UC Berkeley offers a variety of courses on food-related topics — you’re bound to find one that interests you. Whether you’re interested in business, science, humanities, or anything in between, there’s a course waiting for you. So try switching up your typical schedule, and explore the importance of food in our society.
Edible Education: The Rise and Future of the Food Movement is a unique hybrid course that gives the community a peek inside the realm of the food system. It was created in celebration of the 40th anniversary of Chez Panisse Restaurant and Café back in 2011. Alice Waters, owner of the renowned restaurant and founder of The Edible Schoolyard, launched the course in collaboration with UC Berkeley in order to bring food education to the university level. Guest speakers this semester included Ricardo Salvador, Jose Oliva, Carlo Petrini, Paul Greenberg, various owners of sustainable local farms, and many more.
A common theme throughout the course is that a food revolution is necessary: The current food system in the US is inadequate. Carlo Petrini, founder of the International Slow Food Movement, spoke vividly about the rise of industrialized fast food culture and its negative effects on the environment, including loss of biodiversity and increased food waste. Journalist and activist Raj Patel discussed the abusive relationship we have with the food system and the growing confusion about what to put in our bodies.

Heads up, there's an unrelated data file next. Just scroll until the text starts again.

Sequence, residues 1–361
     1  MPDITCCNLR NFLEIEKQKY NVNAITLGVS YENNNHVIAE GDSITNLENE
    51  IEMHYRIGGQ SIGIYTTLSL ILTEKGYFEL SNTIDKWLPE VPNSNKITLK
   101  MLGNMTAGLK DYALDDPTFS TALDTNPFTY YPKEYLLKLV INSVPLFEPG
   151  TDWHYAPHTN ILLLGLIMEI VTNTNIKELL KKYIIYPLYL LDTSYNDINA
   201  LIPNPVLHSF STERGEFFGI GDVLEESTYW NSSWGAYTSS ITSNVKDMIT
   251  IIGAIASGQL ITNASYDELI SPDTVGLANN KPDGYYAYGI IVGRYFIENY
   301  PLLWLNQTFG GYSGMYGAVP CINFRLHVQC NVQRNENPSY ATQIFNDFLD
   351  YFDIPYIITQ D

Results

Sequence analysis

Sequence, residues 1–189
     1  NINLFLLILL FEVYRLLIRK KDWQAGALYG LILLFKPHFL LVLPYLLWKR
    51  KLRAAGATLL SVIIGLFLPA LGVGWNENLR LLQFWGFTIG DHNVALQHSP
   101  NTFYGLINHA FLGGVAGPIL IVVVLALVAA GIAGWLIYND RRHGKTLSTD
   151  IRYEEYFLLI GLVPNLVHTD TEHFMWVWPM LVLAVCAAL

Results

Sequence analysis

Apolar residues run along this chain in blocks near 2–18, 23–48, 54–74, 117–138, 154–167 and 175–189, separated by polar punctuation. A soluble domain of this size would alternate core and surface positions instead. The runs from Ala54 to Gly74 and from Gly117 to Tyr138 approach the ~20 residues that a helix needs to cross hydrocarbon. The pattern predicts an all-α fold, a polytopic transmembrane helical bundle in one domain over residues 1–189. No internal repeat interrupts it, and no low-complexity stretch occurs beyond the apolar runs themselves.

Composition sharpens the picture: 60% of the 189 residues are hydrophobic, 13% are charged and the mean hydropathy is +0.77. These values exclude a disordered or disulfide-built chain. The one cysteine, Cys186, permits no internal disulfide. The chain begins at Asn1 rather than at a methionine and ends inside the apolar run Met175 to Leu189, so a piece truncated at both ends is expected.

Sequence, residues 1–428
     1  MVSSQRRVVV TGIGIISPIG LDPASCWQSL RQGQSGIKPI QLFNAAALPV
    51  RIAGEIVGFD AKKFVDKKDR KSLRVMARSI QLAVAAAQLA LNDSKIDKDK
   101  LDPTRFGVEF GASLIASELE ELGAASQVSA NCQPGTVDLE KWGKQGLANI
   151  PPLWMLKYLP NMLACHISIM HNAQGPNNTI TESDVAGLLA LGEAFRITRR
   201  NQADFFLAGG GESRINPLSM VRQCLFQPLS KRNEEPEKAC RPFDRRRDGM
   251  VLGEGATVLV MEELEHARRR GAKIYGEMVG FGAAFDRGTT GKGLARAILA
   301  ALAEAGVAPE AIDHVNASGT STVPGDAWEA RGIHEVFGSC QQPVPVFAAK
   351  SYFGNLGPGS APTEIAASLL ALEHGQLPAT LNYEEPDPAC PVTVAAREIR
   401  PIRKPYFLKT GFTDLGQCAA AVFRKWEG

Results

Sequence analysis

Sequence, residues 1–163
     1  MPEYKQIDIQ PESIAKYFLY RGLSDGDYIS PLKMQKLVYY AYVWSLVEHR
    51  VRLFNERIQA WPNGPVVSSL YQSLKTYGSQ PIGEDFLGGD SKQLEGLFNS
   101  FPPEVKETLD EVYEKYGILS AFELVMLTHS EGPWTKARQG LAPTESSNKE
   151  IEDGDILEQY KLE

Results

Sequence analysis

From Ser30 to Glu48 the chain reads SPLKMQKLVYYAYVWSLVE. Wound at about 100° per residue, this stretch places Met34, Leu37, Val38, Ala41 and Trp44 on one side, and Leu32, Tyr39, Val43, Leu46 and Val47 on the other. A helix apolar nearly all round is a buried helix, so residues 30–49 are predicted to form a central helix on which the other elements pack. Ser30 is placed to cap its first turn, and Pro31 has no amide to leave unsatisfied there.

In addition, the course highlights individuals and companies that take the initiative to create positive change. For example, salad company sweetgreen works with local farmers to supply produce for their delicious seasonal salads. Nikhil Arora and Alejandro Velez, UC Berkeley alumni and co-founders of Back to the Roots, emphasize transparency and conscientiousness with their “ready to grow” and “ready to eat” products. Will Allen spreads the practice of urban farming through his company, Growing Power Inc. Changing the fast food culture is a work in progress and requires the help of both individuals working within the system and the consumers — us.
It’s difficult to fully understand the complexities of our current food system through just a series of weekly lectures. It’s even more challenging to fit the information in a single article. But that shouldn’t stop anyone from learning more about where our food comes from and its effects on the environment around us. As consumers, we have the power to help create the food culture we want for ourselves and future generations to come. So why not start by learning more?
For more food courses offered at UC Berkeley, check out this website.
Berkeley also offers an interdisciplinary program, a minor in food systems.